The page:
Too long for what? And who cares? When sex (or anything else) is enjoyable, most people like it to last awhile. But if sex (or anything else) is boring or painful, or your partner isn't emotionally present, time can drag on. So change the story: "When I'm not getting what I want, climaxing may not happen; if it does, of course it takes a while."
* "Because I was raped or molested, I can't expect to enjoy sex."
Being sexually exploited is awful. But the human spirit is incredibly resilient. Some people are afraid that if they get excited about sex they're somehow trivializing their own pain, or the pain of others who have been victimized. No, claiming your sexuality if you've been sexually violated is an act of great power. So change the story: "I was sexually exploited, even damaged. But my sexuality still belongs to me, and I plan to heal it, express it, savor it—and most importantly, to own it."
* "Now that I'm a grandparent, I guess I have to forget about sex."
Nobody has to have sex, and our desire may decline as we get older (and develop other interests competing for our free time). But no one become ineligible for sex just because they age, or develop wrinkles, or their breasts relax (not sag, relax). So change the story: "I don't get crazy horny like I used to, but warm, loving sex is still a treat." Or "Sex was never a central part of my life, and it's even less important now—but I still like the closeness sometimes, and occasionally George makes me feel quite attractive."
* "I can't figure out how to please women (or men)"
It's easy to see the other gender as, well, Other: foreign, exotic, totally different from us. But they aren't. The thing on Earth most like women is men, and the thing on Earth most like men is women. If you can talk and touch, you can learn to please and enjoy your partner. Don't worry about all men or all women—become better acquainted with the person (or people) you're being sexual with. So change your story: "Sometimes it takes me a while to understand my partner's body, but if I ask and then practice a bit, I can get pretty OK at sex."
* * *
Many of the facts of our lives can't be changed—your penis is what it is, and if you're divorced, you're divorced. But it's never too late to change your sexual story. Take charge of it, using the facts to create something you like—instead of a story that leaves you incompetent or incomplete. After all, it's your story.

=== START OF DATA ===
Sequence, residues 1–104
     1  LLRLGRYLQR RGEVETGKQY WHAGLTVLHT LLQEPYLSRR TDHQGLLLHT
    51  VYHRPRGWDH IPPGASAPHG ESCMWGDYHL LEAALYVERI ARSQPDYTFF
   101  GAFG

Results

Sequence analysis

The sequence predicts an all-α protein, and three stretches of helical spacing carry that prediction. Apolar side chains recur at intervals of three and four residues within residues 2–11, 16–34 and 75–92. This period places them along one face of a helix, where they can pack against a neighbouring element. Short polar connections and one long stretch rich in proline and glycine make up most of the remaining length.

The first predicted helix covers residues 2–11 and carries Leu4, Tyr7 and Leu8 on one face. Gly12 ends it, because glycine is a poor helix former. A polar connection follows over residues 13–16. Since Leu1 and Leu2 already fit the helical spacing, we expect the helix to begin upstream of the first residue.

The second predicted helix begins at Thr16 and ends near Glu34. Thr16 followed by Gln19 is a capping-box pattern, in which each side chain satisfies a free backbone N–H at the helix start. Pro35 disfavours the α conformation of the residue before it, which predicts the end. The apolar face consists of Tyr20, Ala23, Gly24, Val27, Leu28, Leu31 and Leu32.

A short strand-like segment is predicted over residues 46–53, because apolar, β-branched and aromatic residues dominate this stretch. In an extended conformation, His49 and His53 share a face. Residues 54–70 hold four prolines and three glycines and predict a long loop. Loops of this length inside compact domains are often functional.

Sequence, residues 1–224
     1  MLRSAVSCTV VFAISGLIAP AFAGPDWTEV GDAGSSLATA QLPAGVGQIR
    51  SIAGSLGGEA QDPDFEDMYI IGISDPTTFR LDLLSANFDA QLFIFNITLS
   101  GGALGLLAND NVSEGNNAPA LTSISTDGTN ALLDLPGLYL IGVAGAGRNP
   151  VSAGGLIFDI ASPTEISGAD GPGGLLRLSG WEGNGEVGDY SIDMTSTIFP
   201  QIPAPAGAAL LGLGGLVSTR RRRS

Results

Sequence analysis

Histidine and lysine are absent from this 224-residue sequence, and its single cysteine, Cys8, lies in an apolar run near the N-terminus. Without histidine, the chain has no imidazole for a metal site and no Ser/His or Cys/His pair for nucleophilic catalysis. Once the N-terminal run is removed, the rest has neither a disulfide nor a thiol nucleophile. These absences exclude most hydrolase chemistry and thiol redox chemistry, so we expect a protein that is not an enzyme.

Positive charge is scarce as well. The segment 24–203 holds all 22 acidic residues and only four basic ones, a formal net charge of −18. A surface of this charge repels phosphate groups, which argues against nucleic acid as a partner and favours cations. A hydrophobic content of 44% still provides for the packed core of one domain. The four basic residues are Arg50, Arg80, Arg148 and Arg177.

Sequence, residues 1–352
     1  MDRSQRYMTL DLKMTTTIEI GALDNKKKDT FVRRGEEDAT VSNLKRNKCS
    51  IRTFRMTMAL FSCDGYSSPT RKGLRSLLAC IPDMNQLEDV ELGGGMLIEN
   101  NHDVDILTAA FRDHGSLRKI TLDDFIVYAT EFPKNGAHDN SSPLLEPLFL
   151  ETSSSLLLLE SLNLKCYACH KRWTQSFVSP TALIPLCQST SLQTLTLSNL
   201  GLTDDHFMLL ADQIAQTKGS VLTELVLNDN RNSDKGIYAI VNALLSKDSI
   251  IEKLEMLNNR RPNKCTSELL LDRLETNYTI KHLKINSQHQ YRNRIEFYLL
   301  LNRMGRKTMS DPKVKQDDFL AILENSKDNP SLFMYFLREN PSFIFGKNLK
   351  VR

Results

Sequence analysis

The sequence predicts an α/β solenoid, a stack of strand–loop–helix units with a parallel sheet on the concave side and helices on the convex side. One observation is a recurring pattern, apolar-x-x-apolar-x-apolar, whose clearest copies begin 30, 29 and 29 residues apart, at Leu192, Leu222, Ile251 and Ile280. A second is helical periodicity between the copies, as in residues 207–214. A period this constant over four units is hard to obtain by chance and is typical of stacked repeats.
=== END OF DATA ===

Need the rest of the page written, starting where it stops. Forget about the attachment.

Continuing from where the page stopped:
The New York Times recently ran a piece called The Sex Toys in the Attic.
It's a fairly mundane story about disposing of things in advance that might embarrass those who clean up after one's death. Mundane except for the fact that the author specifically mentions "sex paraphernalia."
Aside from the stilted language—are we talking about debris left behind after an orgy?—the author makes a (single) decent point: when you go through mom's or grandad's stuff, you may encounter things that make you blush, cheer, or both.
Fair enough. Do we need a whole article on this? Not really. But pan back just a bit, and there are a bunch of related issues that could have made the article richer: taking sex toys through airport security. Explaining your sex toys to your curious 10-year-old. Hosting a Tupperware-style sex toy party at your house. Asking a doc if you might be allergic to your favorite sex toy. Dealing with neighbors who want your support in banishing the sex toy store that just moved into the mall.
So there's enough to think about for at least half an article.
The really interesting part of the Times article, though, was the reader comments. The dismay, the vitriol, the offense taken! Dozens of comments angrily assert that the article heralds the end of serious journalism as we know it (an opinion exposing someone as behind the times twice—once about sex, the other about journalism). Furthermore, since it's about sex, it's of course TMI for some readers sipping their morning coffee. And the sexuality of dad or grandma—WAAAY TMI.
So why the fuss over the 21st century version of the eggbeater, toaster-oven, or record-player?
We already know that talking about mom's and dad's sexuality is taboo. Better to talk about their false teeth, hearing aid, or bowel habits. These don't require any stretching of the mind the way an image of mom's orgasm does.
Sex toys take the taboo one step further, because they're typically about masturbation. Or about deliberately reaching outside the bounds of "normal" or "natural" sex. And that's where Americans come to a screeching halt—acknowledging that we masturbate. Or that we pursue pleasure with neither leering nor apology.
So sex toys + parents = gross.
Rounding out the picture, here are some other sexual activities on the honor roll of thou shalt not admit nor discuss:
"I'd like a finger in my butt"
"Go ahead, pinch my nipples harder"
"Right when I come, maybe you could slap me"
"Let's imagine me going down on your ex-husband"
"You could pretend to force me to do this"
"I hate when you tease me—please do it more"
Plenty of Americans say such things. But many, many Americans want to, and don't. They can't, it's too…too…honestly sexual. My patients hope that their partner will stumble onto these things, or come up with the idea on their own. That would make it a win-win—they'd get what they want sexually without having to acknowledge their desire.
That's the real problem here: that while most of us can admit that we crave money, chocolate, fame, a bigger house, a smaller waistline, or less back pain, too few of us can admit what we crave sexually. Especially if it's our own hand, or a Hitachi Magic Wand, or both.
I encourage people to consider changing that. Their partners will almost certainly be pleased. And then the REAL pillow talk can start.